The data was analyzed with SPSS software; Student’s‘t’ test and Chi-square test were used. (P < 0.05 was considered significant).
Demographic details of patients at baseline:
In the study, age group of the children ranged from 1 month to 6 years, with the mean age being 1.16 yrs among test group and 1.44 yrs among control group wherein the difference was insignificant. It was observed that 70.96% patients from test and 58.06% patients from the control were 12 months or below. Weight of children in both the groups was comparable. Total 54.8% & 41.9 % of the cases were male in test group and control group respectively (Table 1). The demographic details of children from test and control group did not differ significantly and therefore the groups were comparable.
TABLE 1: DEMOGRAPHIC DETAILS OF PATIENTS AT BASELINE
|Number of subjects||31||31||p Values|
Comparison of changes in mean frequency of diarrhoea between the groups:
The mean frequency of diarrhoea was not significantly different between the two groups on day one. At the end of the day two, the mean frequency of diarrhoea (±SD) was 4.94 (±2.05) in the test group and 6.0 (±2.25) in the control group. Therefore, a decrease of 40.8% and 30.6% from the baseline was observed for test and control group, respectively. The reduction in the frequency of diarrhoea was significantly greater in the test group compared to the control (Figure 2). In conclusion, test group demonstrated significantly faster reduction in the frequency of stools.
Comparison of changes in consistency of stools between the groups:
At baseline, 93.5% of test and 96.8% of control group patients had watery stools, which was comparable and difference was not significant. At the end of day two, 16.1% patients from test as opposed to 35.5% patients from control had watery stools. This reduction in percentage of patients having watery watery stools was significantly greater the test group as compared to the control (Figure 3). Overall, test group demonstrated significantly faster improvement in the consistency of stools.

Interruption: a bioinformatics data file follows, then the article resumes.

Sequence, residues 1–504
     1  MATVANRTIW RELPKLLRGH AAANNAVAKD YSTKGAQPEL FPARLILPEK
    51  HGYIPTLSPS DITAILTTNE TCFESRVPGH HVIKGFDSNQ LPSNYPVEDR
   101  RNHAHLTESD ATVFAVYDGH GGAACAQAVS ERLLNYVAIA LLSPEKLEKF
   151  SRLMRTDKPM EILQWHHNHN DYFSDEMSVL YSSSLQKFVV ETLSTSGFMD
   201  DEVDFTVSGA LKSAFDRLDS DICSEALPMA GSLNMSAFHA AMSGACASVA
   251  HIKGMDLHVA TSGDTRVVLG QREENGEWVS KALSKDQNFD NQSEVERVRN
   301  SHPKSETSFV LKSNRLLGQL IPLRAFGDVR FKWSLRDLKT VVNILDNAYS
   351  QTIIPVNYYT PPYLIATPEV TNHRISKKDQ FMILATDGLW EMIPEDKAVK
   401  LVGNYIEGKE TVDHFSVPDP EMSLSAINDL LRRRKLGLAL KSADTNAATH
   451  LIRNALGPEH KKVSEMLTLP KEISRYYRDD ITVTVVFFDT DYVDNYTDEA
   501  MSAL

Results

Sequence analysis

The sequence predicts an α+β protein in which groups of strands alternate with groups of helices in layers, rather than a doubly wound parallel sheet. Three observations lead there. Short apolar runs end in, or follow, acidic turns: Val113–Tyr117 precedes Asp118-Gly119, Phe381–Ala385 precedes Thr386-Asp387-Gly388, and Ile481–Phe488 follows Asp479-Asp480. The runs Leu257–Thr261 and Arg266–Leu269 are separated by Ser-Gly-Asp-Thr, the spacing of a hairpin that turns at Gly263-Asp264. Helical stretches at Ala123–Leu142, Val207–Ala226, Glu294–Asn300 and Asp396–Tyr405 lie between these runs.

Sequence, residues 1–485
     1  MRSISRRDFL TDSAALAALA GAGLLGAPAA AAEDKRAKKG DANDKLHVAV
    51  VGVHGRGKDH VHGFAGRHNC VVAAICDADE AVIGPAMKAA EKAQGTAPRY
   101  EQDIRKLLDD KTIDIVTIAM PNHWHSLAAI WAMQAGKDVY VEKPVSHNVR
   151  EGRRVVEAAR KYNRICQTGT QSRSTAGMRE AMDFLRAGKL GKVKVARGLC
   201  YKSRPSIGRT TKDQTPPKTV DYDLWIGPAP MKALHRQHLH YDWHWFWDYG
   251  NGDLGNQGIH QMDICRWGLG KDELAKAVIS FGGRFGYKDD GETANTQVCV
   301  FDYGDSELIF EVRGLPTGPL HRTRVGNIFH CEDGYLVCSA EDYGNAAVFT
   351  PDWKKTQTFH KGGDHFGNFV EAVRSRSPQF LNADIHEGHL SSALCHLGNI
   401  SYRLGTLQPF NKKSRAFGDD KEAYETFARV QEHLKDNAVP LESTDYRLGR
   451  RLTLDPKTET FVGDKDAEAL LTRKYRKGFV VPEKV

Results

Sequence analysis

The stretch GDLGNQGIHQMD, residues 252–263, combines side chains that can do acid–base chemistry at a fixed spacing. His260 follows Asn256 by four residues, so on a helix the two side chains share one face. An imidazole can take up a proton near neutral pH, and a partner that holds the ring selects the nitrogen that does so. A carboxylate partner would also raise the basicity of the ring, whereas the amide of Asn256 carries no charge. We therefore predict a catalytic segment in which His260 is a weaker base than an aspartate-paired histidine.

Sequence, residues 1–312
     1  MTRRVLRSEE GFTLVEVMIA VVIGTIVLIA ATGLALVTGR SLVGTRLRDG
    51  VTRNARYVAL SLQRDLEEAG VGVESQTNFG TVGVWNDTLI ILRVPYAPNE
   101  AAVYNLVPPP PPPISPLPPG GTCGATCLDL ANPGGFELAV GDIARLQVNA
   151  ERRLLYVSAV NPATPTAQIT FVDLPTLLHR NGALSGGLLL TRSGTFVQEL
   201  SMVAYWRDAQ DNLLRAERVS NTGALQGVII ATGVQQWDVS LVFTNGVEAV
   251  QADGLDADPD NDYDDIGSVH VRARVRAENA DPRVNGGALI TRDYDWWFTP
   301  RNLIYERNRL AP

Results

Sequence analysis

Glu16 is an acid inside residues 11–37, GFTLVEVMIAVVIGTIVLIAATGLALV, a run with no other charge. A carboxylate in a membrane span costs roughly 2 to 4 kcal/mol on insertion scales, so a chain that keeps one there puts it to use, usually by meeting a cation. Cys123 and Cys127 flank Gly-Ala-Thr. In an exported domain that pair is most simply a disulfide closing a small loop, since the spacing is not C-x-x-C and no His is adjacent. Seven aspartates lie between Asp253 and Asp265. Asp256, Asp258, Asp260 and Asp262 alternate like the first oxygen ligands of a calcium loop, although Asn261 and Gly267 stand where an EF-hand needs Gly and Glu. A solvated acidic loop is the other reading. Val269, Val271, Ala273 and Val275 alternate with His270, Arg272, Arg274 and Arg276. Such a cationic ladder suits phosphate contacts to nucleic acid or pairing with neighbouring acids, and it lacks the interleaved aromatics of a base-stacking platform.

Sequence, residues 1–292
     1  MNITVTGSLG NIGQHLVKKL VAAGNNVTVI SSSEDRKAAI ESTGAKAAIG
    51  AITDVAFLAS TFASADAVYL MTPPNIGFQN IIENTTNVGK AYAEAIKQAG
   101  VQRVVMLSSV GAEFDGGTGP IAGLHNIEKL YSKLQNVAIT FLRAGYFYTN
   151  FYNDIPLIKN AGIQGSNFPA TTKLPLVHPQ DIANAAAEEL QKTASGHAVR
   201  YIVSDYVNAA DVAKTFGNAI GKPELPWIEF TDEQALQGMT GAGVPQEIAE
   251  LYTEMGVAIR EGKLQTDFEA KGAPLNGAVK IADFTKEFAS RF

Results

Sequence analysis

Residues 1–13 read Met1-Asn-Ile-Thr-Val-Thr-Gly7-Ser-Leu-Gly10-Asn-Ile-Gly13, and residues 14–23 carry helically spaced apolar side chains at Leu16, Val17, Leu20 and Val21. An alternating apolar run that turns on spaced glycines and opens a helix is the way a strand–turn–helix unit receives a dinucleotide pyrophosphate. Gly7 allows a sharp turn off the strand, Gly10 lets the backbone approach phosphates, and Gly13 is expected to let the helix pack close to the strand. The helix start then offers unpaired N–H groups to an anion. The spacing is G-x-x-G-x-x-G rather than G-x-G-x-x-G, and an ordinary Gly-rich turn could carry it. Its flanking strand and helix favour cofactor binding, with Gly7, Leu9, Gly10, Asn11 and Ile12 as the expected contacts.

* = P < 0.05
FIGURE 2: COMPARISON OF CHANGES IN MEAN FREQUENCY OF DIARRHOEA BETWEEN THE GROUPS.
*=P < 0.05
FIGURE 3: COMPARISON OF CHANGE IN CONSISTENCY OF STOOLS BETWEEN THE GROUPS
Comparison of duration of hospital stay and duration of diarrhoea between the groups:
The mean days (±SD) in hospital were 4.23 (±1.26) for test group and 4.10 (±1.19) for control group. There was no statistical significant difference in the mean duration of hospital stay between the two groups. The mean duration of diarrhoea (±SD) was 3.68 (±1.05) for test group & 4.00 (±1.06) for control group. Taken together, the duration of diarrhoea was less in the test group as compared to the control, but the difference was not statistically significant (Figure 4). Thus, Lactobacillus sporogenes had no effect on the duration of hospital stay and the duration of diarrhoea.
FIGURE 4: COMPARISON OF MEAN DURATION OF HOSPITAL STAY BETWEEN THE GROUPS AND MEAN DURATION OF DIARRHOEA BETWEEN THE GROUPS
Profile of Side Effect occurrence in study groups:
No serious side-effects with the use of probiotic were reported during the study. Only one subject from the test group complained of flatulence.
DISCUSSION: In our study, at the end of second day following treatment, we observed a significantly greater reduction in the frequency of stools in the Lactobacillus sporogenes treated group in comparison to the group treated with only fluids and zinc. A previous study by Feizizadeh et al has also reported a greater reduction in the number of stools per day in patients treated with Sachhromyces boulardii as compared to control 10. Therefore, adding the probiotic as an adjuvant has a significant impact on the frequency of diarrhoea experienced by the paediatric patient population.